Almost as soon as the 33-year-old had successfully given birth to the six boys and two girls, the Debate began. Medical ethics, societal standards, fame-whoring, human interest, were all invoked. Is it our business? People asked. Doesn't she want it to be? Is she crazy? Are we crazy? Are doctors good, bad, ugly? Did the insemination of an unemployed mother of six with an additional eight babies constitute a breach of medical guidelines — or just poor judgment? And is it the doctor's place to say?
The bad p.r. started when Suleman's circumstances — the six existing children, all 14 of which had been conceived by having the embryos implanted, the lack of income, and residency at mother's house — took the shine off the medical miracle of the babies' delivery. Coverage became voyeuristic and critical rather than touchy-feely, and diaper and baby food-mongerers, usually quick to offer up freebies, were conspicuous in their absence. Scrutiny increased when Suleman hired a publicist and talk of movies and TV shows was heard in the land. Then her mother came out against the birth, calling her daughter "misguided" and herself, exhausted. Most recently, it's come to (critical) light that Suleman has filed at least two workers' comp claims, further fuel for critics who claim her to be either acquisitive or irresponsible.
There was General Outrage: Bill O'Reilly declared the situation "child abuse," while conservative radio talk show host Bill Handel has called for a boycott on any corporations who extend aid to the family.
Then there were the medical ethics debates. Some doctors have declared the insemination medically irresponsible and against the mission of fertility work. Others suggest that it's merely unsafe: says one doctor to CNN, "the human uterus is not built for eight passengers; the odds for each child to be born alive and healthy go down as the number in the lifeboat goes up." Many feel this raises issues about the regulation of fertility doctors and clinics. Still others say that whatever one thinks about this particular case, the response is not to monitor and curtail the work of fertility doctors. As Simon Jenkins says in the Guardian, such talk points to a dangerous high-handedness about women's reproductive rights — an idea that "to the authorities women are not to be trusted with their own eggs or wombs" that has larger implications.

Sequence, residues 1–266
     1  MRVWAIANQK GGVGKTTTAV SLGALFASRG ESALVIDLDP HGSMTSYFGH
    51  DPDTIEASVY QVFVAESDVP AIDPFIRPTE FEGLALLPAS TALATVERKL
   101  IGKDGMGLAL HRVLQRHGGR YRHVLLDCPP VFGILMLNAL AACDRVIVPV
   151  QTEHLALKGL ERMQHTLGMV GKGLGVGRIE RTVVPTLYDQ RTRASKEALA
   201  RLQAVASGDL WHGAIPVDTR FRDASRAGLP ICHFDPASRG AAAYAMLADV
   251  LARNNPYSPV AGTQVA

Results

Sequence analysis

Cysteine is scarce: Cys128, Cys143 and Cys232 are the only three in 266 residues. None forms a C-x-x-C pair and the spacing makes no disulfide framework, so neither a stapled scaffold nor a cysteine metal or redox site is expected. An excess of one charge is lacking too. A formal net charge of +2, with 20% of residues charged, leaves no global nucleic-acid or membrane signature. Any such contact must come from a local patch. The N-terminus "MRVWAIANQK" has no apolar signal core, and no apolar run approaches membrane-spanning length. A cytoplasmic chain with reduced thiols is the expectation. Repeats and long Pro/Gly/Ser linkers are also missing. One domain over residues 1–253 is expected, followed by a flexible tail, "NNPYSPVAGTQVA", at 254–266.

And through it all, eight tiny babies, ranging in size from one to three pounds, lie in hospital incubators oblivious to it all. However distressing and significant this story, it's important to remember that nothing about it is, yet, inherently tragic, in a time when many things are. That there's potential for tragedy is one sure thing: the thing to see is what the scale will be, and who will determine it.
Octuplet Mother Also Gives Birth To Ethical Debate [Washington Post]
Octuplets' Grandmother Can't Understand Her Daughter's Decisions [People]
Commentary: Are Eight Babies More Than Enough? [CNN]
O'Reilly Angrily Bullies Female Guest, Claims He Can Judge Fitness Of Octuplets' Mom [Crooks and Liars]
Octuplet Mom Filed 2 Workers' Comp Claims [UPI]
Octuplets: Coming To A Cable Channel Near You? [EW]
Octuplets mom getting outrage rather than gifts [MSNBC]
"The Fertility Wardens Are The Enemies Of Female Liberation" [Guardian]